Near civil war between town and country was a pervasive feature of this break-down in social order. Large mobs of half-starved and vindictive townsmen descended on villages to seize food from farmers accused of hoarding. The diary of one young woman described the scene at her cousin’s farm.
"In the cart I saw three slaughtered pigs. The cowshed was drenched in blood. One cow had been slaughtered where it stood and the meat torn from its bones. The monsters had slit the udder of the finest milch cow, so that she had to be put out of her misery immediately. In the granary, a rag soaked with petrol was still smouldering to show what these beasts had intended," she wrote.
Grand pianos became a currency or sorts as pauperized members of the civil service elites traded the symbols of their old status for a sack of potatoes and a side of bacon. There is a harrowing moment when each middle-class families first starts to undertand that its gilt-edged securities and War Loan will never recover. Irreversible ruin lies ahead. Elderly couples gassed themselves in their apartments.
Foreigners with dollars, pounds, Swiss francs, or Czech crowns lived in opulence. They were hated. "Times made us cynical. Everybody saw an enemy in everybody else," said Erna von Pustau, daughter of a Hamburg fish merchant.
Great numbers of people failed to see it coming. "My relations and friends were stupid. They didn’t understand what inflation meant. Our solicitors were no better. My mother’s bank manager gave her appalling advice," said one well-connected woman.
Not sure what anyone needs to "learn" about the social and economic effects of inflation. The history of Weimar Germany is as much a part of the cultural conversation as Kristallnacht or the League of Nations. In other words, well read people know what's going on. Americans over the age of 40 should have some memory of the Great Inflation, even if it has been wiped from the history books. Profligate governments love inflation, but the voters end up hating it and finally rising up and rebelling against the elites who fanned the inflation. Often you end up with a Hitler or - more likely - Juan Peron taking power; but sometimes you get lucky and the inflation leads to Ronald Reagan. Whichever way it works, the people who start the inflation are never in charge when it ends. That's the real risk of inflation for the elites. Even if they don't say this out loud, they know this deep down.
On the other hand, there's deflation, which central bankers profess to fear, yet often fails to arise. Japan's Lost Decade has been the most compelling deflationary episode in the modern era, one that has played out in real time in the second largest economy in the world with the eyes of journalists, policy makers, economists, and the business world upon them. And yet, no one knows what's going on:
The old bogeyman of deflation has re-emerged as a worry for the U.S. economy. Here's something else to fret about: After studying more than a decade of deflation in Japan, economists have slowly realized they have no idea how it works.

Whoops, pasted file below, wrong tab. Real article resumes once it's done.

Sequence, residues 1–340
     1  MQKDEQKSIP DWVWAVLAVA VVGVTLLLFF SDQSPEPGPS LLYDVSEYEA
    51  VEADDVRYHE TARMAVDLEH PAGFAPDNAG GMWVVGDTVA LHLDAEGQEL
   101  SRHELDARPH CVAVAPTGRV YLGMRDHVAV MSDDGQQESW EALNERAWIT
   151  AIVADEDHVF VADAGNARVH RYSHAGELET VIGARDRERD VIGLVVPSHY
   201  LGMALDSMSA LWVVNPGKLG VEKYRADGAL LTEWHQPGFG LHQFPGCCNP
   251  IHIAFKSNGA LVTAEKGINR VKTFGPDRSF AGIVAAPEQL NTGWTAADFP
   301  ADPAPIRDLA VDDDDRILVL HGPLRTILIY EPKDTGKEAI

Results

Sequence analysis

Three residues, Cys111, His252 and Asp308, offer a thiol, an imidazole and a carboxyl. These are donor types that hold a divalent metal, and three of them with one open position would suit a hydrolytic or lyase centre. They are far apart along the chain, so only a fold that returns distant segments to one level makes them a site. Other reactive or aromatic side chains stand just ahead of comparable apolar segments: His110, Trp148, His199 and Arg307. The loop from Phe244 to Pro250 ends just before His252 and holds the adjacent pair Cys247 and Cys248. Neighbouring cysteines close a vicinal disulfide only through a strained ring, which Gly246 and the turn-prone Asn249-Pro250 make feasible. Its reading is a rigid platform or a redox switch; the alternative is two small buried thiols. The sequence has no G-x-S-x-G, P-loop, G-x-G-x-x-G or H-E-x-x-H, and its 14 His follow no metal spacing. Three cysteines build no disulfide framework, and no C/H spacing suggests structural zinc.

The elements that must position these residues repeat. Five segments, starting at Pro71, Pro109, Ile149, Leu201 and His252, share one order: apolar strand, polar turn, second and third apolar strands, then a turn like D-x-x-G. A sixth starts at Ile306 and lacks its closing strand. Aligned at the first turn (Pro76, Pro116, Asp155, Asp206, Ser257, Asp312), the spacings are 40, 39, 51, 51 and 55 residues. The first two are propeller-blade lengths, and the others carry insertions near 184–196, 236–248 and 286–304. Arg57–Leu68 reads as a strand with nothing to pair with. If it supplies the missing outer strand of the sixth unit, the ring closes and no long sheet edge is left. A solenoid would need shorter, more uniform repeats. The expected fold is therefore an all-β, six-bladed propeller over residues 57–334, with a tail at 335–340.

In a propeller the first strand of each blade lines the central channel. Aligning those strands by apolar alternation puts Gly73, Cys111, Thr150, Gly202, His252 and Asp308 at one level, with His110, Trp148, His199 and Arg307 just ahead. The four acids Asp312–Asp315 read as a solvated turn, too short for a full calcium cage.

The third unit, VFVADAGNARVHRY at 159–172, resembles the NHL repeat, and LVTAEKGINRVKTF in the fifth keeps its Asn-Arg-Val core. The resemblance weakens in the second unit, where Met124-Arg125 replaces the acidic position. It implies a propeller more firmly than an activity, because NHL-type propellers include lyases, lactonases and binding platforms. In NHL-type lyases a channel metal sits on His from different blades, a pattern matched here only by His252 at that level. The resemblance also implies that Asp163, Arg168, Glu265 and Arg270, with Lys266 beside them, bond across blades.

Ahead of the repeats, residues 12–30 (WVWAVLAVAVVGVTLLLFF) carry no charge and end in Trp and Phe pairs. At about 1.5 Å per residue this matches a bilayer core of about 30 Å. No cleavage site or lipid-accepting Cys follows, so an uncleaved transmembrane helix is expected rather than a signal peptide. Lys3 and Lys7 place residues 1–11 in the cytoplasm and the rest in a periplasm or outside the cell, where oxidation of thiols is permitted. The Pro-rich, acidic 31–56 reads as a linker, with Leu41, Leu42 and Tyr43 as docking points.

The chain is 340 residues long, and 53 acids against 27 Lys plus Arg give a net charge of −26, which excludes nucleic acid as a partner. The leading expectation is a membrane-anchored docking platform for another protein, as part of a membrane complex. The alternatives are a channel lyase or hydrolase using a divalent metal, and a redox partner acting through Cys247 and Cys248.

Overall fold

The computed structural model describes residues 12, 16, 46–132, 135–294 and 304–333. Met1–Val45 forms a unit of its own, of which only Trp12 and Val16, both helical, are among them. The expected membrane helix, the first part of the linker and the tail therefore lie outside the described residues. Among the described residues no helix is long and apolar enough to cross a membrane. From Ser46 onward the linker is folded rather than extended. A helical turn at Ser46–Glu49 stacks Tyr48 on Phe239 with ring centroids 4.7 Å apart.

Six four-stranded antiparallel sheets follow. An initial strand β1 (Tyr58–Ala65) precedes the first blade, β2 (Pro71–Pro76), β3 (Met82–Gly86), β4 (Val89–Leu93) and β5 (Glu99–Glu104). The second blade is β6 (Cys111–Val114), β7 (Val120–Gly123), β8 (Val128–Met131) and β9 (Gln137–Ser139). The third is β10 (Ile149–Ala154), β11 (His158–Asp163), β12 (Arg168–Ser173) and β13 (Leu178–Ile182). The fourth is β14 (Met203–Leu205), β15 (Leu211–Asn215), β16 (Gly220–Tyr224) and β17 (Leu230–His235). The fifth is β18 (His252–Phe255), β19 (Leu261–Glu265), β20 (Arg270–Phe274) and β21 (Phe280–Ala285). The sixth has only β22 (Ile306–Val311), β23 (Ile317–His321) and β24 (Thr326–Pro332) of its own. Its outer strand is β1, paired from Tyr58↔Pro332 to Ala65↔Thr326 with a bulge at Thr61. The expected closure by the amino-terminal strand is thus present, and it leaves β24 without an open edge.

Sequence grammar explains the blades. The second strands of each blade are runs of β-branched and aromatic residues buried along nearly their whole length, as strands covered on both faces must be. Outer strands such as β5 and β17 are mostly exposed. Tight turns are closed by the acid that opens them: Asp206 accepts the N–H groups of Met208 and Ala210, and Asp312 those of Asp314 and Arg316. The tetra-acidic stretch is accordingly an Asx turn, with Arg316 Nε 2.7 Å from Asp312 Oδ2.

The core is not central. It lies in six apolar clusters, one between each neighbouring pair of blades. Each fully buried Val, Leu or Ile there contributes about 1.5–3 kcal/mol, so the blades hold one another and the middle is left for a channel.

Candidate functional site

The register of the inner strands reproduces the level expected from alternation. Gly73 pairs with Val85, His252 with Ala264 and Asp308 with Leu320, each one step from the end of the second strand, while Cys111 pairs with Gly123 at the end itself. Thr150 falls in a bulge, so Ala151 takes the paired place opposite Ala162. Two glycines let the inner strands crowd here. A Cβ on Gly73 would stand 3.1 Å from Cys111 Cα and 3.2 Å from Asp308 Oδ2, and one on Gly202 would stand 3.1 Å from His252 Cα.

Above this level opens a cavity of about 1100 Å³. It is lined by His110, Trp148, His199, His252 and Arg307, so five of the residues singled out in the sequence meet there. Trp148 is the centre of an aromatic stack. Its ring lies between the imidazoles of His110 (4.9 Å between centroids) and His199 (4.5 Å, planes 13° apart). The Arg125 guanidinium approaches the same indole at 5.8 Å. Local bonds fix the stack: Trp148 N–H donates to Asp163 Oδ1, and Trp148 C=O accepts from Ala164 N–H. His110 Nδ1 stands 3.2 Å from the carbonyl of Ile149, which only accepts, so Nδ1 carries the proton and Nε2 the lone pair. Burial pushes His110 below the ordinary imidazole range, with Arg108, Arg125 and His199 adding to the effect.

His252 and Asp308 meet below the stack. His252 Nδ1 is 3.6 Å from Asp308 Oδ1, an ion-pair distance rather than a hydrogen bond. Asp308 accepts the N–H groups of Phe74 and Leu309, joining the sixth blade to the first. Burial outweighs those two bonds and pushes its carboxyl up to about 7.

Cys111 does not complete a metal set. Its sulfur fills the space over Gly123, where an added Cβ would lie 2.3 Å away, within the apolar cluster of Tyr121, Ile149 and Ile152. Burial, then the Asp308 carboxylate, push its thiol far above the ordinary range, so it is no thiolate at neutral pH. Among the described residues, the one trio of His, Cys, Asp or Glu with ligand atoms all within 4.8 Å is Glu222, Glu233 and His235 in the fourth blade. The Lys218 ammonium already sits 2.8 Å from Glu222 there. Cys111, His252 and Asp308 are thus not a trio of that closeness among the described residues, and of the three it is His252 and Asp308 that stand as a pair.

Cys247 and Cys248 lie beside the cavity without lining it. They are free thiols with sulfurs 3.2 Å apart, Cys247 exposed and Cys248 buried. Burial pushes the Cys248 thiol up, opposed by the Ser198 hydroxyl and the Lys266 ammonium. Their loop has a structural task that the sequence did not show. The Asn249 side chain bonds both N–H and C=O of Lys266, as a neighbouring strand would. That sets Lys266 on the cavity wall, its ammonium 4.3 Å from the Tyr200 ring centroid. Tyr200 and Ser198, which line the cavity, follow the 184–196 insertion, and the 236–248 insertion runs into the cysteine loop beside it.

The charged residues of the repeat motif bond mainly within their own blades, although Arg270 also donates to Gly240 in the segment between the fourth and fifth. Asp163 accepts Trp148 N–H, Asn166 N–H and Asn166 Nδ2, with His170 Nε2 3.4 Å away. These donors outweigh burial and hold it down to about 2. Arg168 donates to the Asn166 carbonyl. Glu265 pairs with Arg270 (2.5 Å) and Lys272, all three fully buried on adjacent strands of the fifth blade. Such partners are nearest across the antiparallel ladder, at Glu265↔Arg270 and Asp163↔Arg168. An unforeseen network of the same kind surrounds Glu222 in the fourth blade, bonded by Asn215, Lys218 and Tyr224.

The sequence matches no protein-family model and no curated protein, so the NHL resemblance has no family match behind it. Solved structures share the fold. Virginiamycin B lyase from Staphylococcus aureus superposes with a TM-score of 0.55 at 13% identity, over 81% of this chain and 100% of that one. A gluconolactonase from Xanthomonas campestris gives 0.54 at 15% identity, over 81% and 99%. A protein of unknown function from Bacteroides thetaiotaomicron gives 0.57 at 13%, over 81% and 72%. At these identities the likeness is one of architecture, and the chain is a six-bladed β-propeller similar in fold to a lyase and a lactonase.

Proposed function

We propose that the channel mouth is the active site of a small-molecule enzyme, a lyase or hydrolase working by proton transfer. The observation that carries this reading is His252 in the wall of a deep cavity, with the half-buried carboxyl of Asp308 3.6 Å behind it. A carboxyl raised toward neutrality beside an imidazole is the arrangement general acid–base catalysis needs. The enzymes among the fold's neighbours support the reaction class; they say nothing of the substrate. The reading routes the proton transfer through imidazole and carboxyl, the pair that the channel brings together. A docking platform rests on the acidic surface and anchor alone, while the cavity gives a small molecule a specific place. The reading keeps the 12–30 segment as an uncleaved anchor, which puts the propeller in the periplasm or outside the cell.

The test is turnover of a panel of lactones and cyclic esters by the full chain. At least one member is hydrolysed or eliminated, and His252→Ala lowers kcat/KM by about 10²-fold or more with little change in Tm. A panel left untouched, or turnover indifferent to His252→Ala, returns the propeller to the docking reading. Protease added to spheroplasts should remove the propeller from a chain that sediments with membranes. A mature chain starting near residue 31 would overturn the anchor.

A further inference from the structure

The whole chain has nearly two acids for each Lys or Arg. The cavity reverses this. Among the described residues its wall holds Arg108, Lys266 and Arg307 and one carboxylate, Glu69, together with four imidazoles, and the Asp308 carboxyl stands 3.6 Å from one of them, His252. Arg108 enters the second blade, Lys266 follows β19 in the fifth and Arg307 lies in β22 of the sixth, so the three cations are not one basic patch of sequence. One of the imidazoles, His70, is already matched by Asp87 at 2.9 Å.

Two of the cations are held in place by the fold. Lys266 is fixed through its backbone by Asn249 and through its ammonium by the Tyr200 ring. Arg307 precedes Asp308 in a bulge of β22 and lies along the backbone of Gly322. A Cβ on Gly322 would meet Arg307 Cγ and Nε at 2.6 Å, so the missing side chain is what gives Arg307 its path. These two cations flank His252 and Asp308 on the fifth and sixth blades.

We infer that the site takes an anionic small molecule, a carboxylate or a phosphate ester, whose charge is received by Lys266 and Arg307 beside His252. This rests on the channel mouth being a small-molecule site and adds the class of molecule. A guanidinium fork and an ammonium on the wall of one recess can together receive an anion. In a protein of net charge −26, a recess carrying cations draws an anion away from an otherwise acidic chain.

Deflation is usually associated with a Great Depression-like drop in demand. Consumer prices, incomes and asset prices fall. Interest rates go to zero, as low as they can go. As prices and incomes fall, the cost to borrowers of servicing debt does not, sucking life out of the economy and pushing prices down further. A bad situation, in short, gets worse.
In 1932, U.S. consumer prices fell 10% and between 1929 and 1933 they fell 27% in all.
But Japan's experience has looked nothing like this. Rather than being deep, destructive and concentrated in a few years, deflation has been a surprisingly mild, drawn-out affair. Consumer prices have been falling in Japan for 15 years, but never by more than 2% in any single year. Japan's deflation has been a morass, but not the destructive downward spiral many economists predicted. Why? And what does it portend for the rest of the world today?
Economists don't have good answers. "We don't know how deflation works," says Adam Posen, a member of the Bank of England's monetary policy committee who has been studying Japan since 1997. "We don't have a way of rationalizing steady, several-year flat deflation," he says.
How can this be? How can we not even have an idea how deflation works? How can we not know what's happening in Japan, which is hardly a mysterious Hermit Kingdom. Where's Paul Krugman? Where's (fill in famous progressive economist here)? Sounds like a good research topic!
The problem, I suspect, is not that we don't know; but that the elites don't want to know. After all, Japan hasn't just had 20 years of deflation. The deflation began with the bursting of a housing bubble exacerbated by (1) a government which propped up its financial sector, rather than allow insolvent banks to fail and (2) engaged in an epic bout of stimulus spending that left Japan with towering debts. Sound familiar? And none of it has worked. At all. In fact, the only things that worked were the Koizumi Reforms, which sought to privatize government entities like Japan Post, among other things. Privatization of government services worked?? Don't want to say that out loud!